Robert Burnside was also a College Track high school student and wrote about an incident when he was on a street corner after school waiting for a bus to travel to College Track. Three cars pulled up with police officers with weapons drawn. All he was doing was wearing a red hoodie—apparently the person the police were looking for was also wearing a red hoodie. Robert was terrified but instead of becoming “bitter,” Robert resolved to become “better.” Robert is now in his fourth year at Southern University A&M College in Baton Rouge. He has been teaching his passion to “amazing” teens in the program Stop Killing People (SKP). When he returns to New Orleans, he will continue to work against violence in our community, some caused by police. Like Robert, so many African Americans in our city and most American cities have every reason to be bitter—all those years of Jim Crow, personal prejudice (bigotry), and perhaps worst of all, structural and institutional racism. But the black folk I know well, especially the angels in the book, are, like Robert, resolved not to become bitter and not to do something self-destructive; they are resolved to become better—both for themselves and for our vulnerable cities. Resolving to become not bitter but better is, in fact, the theme of the book.

Tia Cage

One last College Track story: Tia Cage writes about how she was diagnosed with serious bone cancer in her sophomore year in high school. Before that, she had everything going for her. Here is how she ends her story, titled “Differently Abled”:

Getting back on track with school my senior year was harder than I had hoped. I am mostly wheelchair bound, and although my right leg isn’t functional, I am learning to walk with assistance (with a brace, walker, and crutches). My heart was set on nursing, but I’ve questioned whether I would ever be able to do something that rigorous. I think about how my life would be different if I were not diagnosed with cancer. I would be working with JUMA [an employment program for teens] at the New Orleans Superdome, where I would get to see my favorite football team the Saints while saving money for college. I would be helping my family in any way I could. I would be a member of the varsity volleyball team at Lake Area High School, a loyal volunteer worker at many different places, a better friend, daughter, sister, and aunt.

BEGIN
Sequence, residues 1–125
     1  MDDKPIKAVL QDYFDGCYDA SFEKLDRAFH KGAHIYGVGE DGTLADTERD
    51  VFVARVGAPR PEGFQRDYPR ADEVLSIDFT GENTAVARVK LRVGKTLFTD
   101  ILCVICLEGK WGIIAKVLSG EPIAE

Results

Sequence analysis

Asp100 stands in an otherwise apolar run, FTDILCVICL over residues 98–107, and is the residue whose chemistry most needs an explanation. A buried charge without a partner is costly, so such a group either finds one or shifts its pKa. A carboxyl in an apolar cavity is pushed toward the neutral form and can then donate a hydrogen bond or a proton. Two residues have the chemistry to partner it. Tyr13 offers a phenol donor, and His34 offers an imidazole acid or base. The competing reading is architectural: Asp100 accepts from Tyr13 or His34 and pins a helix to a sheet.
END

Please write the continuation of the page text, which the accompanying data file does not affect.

I wouldn’t change a thing though. I surprise myself with the goals I accomplish every day. I also found the career I would be more than happy doing the rest of my life, which is social services. One day I will start my own non-profit organization helping those I have learned to call “differently abled” teens, like me.

Chapter Three

In Chapter Three, I asked several angels from the recently formed group Icons for Peace to tell their stories. They define themselves as “a Constitutional Citizen movement. We are students and professionals who are educated and trained to effect community change. . . . The Icons’ primary goal is to build the capacity of local youth leaders to create a stronger civic engagement and advocacy infrastructure that give the youth of New Orleans power over issues facing their vulnerable communities.”

I was most privileged to meet with the Icons and have supported them in any way I could. Many of the Icons had

Sonny Strong

been part of gangs; several had served time in prison. But with their visual art, their rap, their poetry, their music, they have been able to connect with and support other young African Americans—some of whom have been on the verge of committing serious crimes—even better than black churches can.